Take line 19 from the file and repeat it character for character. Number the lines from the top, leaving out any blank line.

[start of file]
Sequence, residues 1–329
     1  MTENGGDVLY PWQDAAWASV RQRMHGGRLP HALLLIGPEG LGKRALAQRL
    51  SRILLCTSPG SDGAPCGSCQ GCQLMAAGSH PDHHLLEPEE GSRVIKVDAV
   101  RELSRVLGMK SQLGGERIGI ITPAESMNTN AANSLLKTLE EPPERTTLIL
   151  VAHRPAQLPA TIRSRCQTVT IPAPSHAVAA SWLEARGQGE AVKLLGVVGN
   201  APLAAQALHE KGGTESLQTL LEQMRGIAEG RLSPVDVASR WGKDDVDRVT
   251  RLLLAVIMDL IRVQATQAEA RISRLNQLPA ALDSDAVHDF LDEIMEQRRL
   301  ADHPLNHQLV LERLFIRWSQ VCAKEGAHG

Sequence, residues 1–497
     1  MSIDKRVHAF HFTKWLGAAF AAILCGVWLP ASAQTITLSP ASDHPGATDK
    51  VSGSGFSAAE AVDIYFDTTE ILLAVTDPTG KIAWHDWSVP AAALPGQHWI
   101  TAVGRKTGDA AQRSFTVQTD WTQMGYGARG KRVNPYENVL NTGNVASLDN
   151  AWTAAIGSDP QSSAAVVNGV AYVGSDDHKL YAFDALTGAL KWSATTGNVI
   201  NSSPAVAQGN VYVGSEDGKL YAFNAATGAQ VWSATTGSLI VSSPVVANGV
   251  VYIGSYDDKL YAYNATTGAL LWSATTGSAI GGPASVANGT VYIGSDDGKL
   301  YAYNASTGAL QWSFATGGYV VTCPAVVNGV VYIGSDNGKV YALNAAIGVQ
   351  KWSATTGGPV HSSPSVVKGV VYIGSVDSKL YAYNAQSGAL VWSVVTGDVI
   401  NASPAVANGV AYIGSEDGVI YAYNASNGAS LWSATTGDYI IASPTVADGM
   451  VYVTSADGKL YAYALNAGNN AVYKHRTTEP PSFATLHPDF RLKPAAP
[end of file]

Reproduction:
   451  VYVTSADGKL YAYALNAGNN AVYKHRTTEP PSFATLHPDF RLKPAAP